They need to take down those posters you see at hair salons. You know the ones; the ones with funky hair. The ones with hair you’d never wear. The ones with hair in the shape of a pear. Or, if you’re in a down-home salon, hair from the Andy Griffith era; hair that was done up with rollers – a shampoo set.
They need to replace those posters with one particular poster. A poster with Jennifer Aniston’s mug on it and one simple word: No.
That way, when women walk up to their hair lady or guy with a Jennifer Aniston picture ripped from some magazine, the person holding the scissors can just point. Point to the poster. Point to the poster as if to say “sorry, it’s against company policy to give you Jennifer Aniston hair unless you’ve been approved.”
If only those folks with the scissors had some thug who could come out from the back room. Some thug who was high on hair straightener who’d come out to deliver the news: “You couldn’t pull off an Aniston unless you had about five more pounds of hair. And no more perms. Don’t you remember that wedding picture from 1991? It looked like you had sun-damaged curly fries under your veil. Face it, you’ve got fine hair. Try some highlights and a nice shoulder-length cut. Even better – try a bob – that’s Anistonish. Here, take a lick of your reality lollypop.”
Enough about my problems.
In the past, I’ve written copy for hair salons. Of course, some of these ads ended up in a drawer, never to be seen again. One of the print ads showed a pair of scissors and said something like “we’re armed – watch out.” It was inspired by people who had hair that needed attention, in my humble opinion. It got me to thinking: Do people come in two flavors – those who have delusions about how great their hair could be (toting pics of Jennifer Aniston) and those who have delusions of how great their hair is (still have Farrah Faucett hair).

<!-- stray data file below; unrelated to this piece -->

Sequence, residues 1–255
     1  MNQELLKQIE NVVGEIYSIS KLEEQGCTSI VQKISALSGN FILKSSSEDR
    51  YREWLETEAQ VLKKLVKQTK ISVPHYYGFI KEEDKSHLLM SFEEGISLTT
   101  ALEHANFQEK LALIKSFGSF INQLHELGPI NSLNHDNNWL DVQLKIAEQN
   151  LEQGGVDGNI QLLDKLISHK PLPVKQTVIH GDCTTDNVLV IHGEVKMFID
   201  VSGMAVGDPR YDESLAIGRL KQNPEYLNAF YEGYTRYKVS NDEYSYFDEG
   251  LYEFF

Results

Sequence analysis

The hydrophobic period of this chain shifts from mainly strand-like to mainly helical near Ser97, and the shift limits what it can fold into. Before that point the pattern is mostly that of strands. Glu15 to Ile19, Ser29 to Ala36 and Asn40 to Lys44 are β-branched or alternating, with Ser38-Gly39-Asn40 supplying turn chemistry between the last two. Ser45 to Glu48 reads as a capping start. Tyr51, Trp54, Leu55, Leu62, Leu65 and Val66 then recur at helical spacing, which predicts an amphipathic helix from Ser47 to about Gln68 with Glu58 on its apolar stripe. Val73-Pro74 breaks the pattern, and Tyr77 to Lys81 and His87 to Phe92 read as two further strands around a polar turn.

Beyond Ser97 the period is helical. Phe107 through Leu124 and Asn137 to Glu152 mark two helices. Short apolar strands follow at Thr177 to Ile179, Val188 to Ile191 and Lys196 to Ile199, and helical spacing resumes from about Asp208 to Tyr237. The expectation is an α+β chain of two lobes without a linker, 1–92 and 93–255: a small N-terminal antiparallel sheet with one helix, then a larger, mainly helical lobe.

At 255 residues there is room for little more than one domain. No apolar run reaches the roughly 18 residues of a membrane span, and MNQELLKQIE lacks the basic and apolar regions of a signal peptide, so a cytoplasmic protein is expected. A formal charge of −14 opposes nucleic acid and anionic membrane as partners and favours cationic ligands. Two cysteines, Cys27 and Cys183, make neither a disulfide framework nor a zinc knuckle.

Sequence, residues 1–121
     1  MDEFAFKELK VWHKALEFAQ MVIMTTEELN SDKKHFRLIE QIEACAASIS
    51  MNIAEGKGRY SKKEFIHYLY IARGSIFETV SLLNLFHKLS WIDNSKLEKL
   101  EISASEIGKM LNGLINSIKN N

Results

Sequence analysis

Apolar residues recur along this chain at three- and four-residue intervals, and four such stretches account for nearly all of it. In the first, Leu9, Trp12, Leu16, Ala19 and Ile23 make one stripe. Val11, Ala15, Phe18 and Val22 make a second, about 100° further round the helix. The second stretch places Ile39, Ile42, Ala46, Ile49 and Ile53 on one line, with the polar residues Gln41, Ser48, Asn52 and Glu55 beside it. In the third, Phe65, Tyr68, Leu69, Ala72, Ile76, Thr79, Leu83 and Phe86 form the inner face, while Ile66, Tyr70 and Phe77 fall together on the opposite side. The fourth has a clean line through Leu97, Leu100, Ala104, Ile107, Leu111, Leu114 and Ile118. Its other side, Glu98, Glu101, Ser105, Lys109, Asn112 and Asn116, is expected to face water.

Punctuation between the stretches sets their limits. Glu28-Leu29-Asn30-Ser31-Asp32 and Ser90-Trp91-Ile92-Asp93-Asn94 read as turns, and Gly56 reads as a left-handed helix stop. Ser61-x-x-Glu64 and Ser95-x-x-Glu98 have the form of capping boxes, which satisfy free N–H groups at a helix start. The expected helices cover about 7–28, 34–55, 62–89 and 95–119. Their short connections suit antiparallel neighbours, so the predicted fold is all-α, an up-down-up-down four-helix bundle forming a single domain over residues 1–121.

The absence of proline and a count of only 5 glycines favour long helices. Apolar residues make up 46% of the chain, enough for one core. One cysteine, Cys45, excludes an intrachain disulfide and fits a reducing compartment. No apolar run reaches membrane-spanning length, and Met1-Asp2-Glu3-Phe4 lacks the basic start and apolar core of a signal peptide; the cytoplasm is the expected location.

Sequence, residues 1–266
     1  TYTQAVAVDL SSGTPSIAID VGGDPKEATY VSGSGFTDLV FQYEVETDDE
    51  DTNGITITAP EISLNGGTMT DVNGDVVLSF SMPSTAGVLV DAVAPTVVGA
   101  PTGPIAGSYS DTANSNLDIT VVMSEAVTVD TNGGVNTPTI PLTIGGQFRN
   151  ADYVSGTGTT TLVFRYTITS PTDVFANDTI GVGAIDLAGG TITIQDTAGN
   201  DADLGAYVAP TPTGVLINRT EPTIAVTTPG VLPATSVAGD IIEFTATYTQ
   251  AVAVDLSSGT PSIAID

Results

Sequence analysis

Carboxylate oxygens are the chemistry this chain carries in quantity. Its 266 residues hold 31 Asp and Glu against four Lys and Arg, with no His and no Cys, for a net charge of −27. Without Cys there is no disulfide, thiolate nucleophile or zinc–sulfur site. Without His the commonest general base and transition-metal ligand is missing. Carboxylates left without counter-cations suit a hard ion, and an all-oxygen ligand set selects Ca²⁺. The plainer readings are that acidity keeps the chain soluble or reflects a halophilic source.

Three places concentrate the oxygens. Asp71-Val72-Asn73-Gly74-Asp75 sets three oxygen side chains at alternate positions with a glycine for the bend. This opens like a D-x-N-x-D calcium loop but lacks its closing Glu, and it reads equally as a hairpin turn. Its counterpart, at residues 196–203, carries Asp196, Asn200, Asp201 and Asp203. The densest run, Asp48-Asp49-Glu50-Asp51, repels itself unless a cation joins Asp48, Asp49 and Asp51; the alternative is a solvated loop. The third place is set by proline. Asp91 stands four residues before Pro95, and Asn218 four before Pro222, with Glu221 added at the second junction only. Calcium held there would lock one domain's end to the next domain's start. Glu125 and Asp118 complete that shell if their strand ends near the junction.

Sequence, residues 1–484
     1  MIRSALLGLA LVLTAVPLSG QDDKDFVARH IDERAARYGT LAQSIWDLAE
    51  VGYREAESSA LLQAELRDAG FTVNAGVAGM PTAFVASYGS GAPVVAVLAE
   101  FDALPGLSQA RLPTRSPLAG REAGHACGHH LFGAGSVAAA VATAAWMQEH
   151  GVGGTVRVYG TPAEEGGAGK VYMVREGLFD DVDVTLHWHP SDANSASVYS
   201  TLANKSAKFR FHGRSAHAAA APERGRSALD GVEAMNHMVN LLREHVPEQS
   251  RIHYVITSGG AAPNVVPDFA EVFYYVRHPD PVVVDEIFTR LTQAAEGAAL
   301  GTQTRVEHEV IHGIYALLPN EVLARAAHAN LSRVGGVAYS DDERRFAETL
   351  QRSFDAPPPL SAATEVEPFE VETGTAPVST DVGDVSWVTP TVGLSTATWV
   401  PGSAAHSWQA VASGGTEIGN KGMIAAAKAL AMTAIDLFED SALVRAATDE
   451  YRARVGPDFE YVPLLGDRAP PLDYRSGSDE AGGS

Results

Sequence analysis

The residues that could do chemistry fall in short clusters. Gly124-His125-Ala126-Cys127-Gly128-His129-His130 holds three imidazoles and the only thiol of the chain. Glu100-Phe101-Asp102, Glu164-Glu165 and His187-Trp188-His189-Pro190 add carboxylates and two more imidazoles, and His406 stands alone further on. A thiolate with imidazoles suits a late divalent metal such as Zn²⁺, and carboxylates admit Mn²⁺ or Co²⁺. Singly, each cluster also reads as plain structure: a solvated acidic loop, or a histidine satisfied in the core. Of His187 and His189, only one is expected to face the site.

My younger years were my time for chemical experimentation. My ode to hair fashion has included a dark-blonde, asymmetrical permed doo and long yellow-blonde hair with a perm. This was after my years as Farrah. A fake Farrah. I only had the banana curl in the front that I beat back with a comb in the high school bathroom mirror. Decades later, when I was 8 months pregnant with my first kid, I thought it would be a good idea to dye my very short, bleached-blond hair, red. So I got a box of L’Oreal medium auburn. My ex got home and said “Where’s the Hamburglar and Mayor McCheese?” Ass. He still laughs when he retells that one.
I’ve had my share of hair.
My years of experimentation have pretty much ended. I already know my hair looks like dog crap if it gets longer than my shoulders. I already know it has to be blondish – but not too blonde. Brown makes me look like the queen of hell. Auburn is okay. Perm, no. Mullet? Only in the 80s. Black? Oh please, I can’t even pull off brown. God gave me hair the color of a mouse. One of my better print ads featured two cartoon mice. It said “What’s wrong with mousey brown? Nothing, if you’re a mouse.” My hair gal in Missouri, Jessica, called this mousey color “melting pot” hair. Good one.
I’ve become a hair realist. I don’t wander into hair salons with pictures of hair unless I know I can pull it off. My hair dreams died long ago. I will never have the thick, dark hair of Sophia Vergara. I will never look stark and cool like Gwen Stefani. I will never have the wild, curly locks of Keri Russell. If I ever get stranded on an island, I will never be able to walk around in a loin cloth and pull my long, flowing hair down to cover my boobies. I have to live with this reality every day. I live with the reality that I can only pull off a Tennille – from Captain & Tennille.
So, think about your hair and figure out which flavor you are: the delusionist who does not want to see (“I will look just like Angelina Jolie!”) – or the delusionist who thinks nothing needs to change (“This style doesn’t make me look older. I’ve had long hair since my hips came in!”)
I’m happy to say I’ve been sucking on my reality lollypop for a while now. As Dolly Parton says, “It costs a lot of money to look this cheap.”